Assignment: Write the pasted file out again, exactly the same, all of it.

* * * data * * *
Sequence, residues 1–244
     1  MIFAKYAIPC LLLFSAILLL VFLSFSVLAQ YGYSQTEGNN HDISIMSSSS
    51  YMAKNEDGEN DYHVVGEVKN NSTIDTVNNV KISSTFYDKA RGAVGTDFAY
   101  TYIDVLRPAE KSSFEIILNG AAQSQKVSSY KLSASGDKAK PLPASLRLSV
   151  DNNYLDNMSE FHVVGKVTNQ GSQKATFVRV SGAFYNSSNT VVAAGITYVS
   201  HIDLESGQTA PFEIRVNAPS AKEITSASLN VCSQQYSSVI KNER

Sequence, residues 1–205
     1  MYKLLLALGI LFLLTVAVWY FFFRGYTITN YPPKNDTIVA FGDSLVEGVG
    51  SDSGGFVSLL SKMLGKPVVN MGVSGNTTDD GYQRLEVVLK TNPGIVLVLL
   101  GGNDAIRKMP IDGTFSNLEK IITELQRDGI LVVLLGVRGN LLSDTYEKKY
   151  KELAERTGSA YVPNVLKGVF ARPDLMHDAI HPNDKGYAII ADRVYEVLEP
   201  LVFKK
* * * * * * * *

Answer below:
Sequence, residues 1–244
     1  MIFAKYAIPC LLLFSAILLL VFLSFSVLAQ YGYSQTEGNN HDISIMSSSS
    51  YMAKNEDGEN DYHVVGEVKN NSTIDTVNNV KISSTFYDKA RGAVGTDFAY
   101  TYIDVLRPAE KSSFEIILNG AAQSQKVSSY KLSASGDKAK PLPASLRLSV
   151  DNNYLDNMSE FHVVGKVTNQ GSQKATFVRV SGAFYNSSNT VVAAGITYVS
   201  HIDLESGQTA PFEIRVNAPS AKEITSASLN VCSQQYSSVI KNER

Sequence, residues 1–205
     1  MYKLLLALGI LFLLTVAVWY FFFRGYTITN YPPKNDTIVA FGDSLVEGVG
    51  SDSGGFVSLL SKMLGKPVVN MGVSGNTTDD GYQRLEVVLK TNPGIVLVLL
   101  GGNDAIRKMP IDGTFSNLEK IITELQRDGI LVVLLGVRGN LLSDTYEKKY
   151  KELAERTGSA YVPNVLKGVF ARPDLMHDAI HPNDKGYAII ADRVYEVLEP
   201  LVFKK